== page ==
A 59-year-old Cammell Laird worker from Ellesmere Port had his hand crushed and fractured in an accident at Cammell Laird shipyard.
The man was left unable to work for five months due to his serious injuries, which the Health and Safety Executive said could have been avoided if the Birkenhead ship builder and repairer had followed its own safety procedures.
Liverpool Magistrates Court heard on Monday (December 5) that the victim had been carrying out repair work on a lathe machine at the time of the incident in July last year.
He noticed that parts of it were dirty, so he wrapped an emery cloth around the lead screw and turned the lathe on in order to clean them.
But as the started to run, his right hand was pulled into the moving parts.
After being prosecuted by the Health and Safety Executive, Cammell Laird pleaded guilty to breaching the Health and Safety at Work Act and was fined £400,000 and ordered to pay costs of £7,683.
The court heard that Cammell Laird's risk assessment failed to identify the risks involved in the common practice of using an emery cloth on moving parts and failed to recognised the way in which its employees were working, with most machinists carrying out their own maintenance work rather than referring such tasks to the maintenance team.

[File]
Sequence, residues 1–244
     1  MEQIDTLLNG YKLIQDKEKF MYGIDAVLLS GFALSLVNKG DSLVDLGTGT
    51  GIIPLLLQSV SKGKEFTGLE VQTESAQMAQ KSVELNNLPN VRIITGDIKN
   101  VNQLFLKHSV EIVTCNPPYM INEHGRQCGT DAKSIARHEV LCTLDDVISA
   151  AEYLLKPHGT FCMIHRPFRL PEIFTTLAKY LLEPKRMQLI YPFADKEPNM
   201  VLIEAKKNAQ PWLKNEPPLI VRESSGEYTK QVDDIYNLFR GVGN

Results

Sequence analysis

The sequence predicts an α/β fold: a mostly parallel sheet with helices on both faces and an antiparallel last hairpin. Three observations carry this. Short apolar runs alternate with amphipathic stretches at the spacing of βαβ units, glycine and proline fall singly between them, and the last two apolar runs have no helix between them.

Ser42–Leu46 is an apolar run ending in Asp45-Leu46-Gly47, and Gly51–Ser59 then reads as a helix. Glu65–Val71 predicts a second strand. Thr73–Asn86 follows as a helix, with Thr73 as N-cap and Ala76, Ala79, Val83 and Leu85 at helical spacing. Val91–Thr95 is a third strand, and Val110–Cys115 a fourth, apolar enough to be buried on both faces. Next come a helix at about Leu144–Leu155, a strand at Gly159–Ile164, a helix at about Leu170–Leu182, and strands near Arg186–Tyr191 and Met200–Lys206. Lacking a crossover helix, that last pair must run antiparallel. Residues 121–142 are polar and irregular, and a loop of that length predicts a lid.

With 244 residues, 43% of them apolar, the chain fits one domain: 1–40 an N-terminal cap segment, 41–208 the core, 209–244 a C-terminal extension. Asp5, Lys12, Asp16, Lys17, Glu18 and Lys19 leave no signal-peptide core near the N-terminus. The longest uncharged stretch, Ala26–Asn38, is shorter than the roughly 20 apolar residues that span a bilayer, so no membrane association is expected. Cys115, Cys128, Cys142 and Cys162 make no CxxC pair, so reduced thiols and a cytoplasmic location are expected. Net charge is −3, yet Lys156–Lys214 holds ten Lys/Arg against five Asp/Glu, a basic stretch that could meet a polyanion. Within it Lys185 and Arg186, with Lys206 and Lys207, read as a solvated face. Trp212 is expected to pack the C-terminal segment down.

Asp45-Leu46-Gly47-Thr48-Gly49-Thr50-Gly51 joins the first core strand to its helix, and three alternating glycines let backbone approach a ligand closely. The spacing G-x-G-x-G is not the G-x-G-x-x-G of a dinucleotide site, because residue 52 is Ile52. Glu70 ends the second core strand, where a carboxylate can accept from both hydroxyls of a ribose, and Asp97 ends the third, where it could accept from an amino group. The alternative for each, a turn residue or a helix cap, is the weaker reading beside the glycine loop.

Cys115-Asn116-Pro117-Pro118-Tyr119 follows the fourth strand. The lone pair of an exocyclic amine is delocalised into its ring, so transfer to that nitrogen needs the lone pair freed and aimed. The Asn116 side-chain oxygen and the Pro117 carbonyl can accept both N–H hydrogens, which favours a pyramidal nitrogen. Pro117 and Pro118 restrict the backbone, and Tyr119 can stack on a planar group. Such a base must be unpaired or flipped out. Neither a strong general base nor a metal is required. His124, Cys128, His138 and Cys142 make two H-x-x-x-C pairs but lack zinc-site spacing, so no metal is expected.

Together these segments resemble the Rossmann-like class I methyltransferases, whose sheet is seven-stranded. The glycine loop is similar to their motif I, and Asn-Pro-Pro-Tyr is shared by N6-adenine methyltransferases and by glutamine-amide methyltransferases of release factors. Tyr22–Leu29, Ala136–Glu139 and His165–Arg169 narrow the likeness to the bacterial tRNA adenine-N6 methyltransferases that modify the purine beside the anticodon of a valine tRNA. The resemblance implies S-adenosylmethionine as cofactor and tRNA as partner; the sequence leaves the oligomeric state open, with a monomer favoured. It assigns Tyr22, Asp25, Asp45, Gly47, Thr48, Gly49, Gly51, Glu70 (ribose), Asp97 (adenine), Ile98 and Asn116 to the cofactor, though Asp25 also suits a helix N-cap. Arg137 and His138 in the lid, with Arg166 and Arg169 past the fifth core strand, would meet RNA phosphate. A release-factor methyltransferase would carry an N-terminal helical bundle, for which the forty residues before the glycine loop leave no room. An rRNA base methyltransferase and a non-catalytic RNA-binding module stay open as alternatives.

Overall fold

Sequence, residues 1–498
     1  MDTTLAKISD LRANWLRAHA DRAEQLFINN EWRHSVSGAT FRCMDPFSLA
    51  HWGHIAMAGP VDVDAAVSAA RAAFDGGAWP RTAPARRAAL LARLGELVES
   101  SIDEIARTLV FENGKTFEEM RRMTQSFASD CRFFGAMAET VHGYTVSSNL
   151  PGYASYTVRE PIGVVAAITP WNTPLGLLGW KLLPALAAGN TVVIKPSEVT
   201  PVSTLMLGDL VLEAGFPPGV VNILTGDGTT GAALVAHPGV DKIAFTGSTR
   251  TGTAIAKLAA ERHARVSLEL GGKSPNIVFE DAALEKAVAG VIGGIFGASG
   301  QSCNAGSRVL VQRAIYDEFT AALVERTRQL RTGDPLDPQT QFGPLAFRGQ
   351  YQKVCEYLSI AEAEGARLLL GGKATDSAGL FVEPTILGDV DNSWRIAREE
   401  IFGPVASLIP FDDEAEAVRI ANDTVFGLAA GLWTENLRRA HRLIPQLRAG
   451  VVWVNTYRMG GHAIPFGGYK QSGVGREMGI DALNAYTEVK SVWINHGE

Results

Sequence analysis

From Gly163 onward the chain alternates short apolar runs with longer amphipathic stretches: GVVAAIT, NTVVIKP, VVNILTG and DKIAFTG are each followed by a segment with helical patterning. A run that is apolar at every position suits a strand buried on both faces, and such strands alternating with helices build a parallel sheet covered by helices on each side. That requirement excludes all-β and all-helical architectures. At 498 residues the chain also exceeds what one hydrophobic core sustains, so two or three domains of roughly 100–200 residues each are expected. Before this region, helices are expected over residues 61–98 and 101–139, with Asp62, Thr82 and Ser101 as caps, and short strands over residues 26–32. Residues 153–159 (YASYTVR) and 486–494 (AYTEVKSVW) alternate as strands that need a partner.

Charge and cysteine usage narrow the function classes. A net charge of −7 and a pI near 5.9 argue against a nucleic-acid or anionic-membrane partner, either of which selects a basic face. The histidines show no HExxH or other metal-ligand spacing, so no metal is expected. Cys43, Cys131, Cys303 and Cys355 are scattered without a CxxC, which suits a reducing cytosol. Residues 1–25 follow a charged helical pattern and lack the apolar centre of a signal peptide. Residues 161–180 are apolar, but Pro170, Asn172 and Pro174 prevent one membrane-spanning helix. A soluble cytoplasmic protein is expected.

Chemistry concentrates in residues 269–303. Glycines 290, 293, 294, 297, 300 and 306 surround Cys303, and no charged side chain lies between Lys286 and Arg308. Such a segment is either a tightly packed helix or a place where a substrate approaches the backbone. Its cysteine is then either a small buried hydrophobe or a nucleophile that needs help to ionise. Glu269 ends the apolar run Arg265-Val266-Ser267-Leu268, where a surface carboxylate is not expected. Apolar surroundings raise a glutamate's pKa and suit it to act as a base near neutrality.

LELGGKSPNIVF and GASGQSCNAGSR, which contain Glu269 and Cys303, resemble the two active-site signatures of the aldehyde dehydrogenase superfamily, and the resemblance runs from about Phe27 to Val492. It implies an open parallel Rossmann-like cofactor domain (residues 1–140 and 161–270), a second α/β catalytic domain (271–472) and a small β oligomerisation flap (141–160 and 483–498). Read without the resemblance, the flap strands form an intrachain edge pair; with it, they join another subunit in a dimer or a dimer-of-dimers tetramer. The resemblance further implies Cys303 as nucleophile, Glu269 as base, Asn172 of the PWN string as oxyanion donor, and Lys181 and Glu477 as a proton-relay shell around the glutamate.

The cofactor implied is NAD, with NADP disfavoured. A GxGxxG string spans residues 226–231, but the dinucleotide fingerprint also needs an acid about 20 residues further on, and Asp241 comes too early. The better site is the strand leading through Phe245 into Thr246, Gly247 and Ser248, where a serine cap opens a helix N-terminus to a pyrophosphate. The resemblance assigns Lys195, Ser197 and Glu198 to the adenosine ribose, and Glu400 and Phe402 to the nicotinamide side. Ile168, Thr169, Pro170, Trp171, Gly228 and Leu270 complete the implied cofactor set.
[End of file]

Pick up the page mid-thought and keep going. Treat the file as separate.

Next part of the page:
A system of lock off – which would have prevented reconnection of the power to the machine – had been identified and was outlined in the written health and safety management system but had not been properly communicated to employees or implemented.
Speaking after the hearing, Health and Safety Executive inspector Karen Fearon said: “The defendant had developed a Health and Safety Management System (HSMS) but failed to ensure that the system had permeated all parts of the organisation.
"If the HSMS had been followed this accident may not have occurred.
"Maintenance was being carried out on machinery which was energised whilst someone was in the dangerous part of that machine.
"There was no lock off, poor control and poor management. Prior to maintenance the equipment was not shut down, isolated and residual energy released and secured with a means to prevent inadvertent reconnection (e.g. by locking off with a padlock) as it should have been.”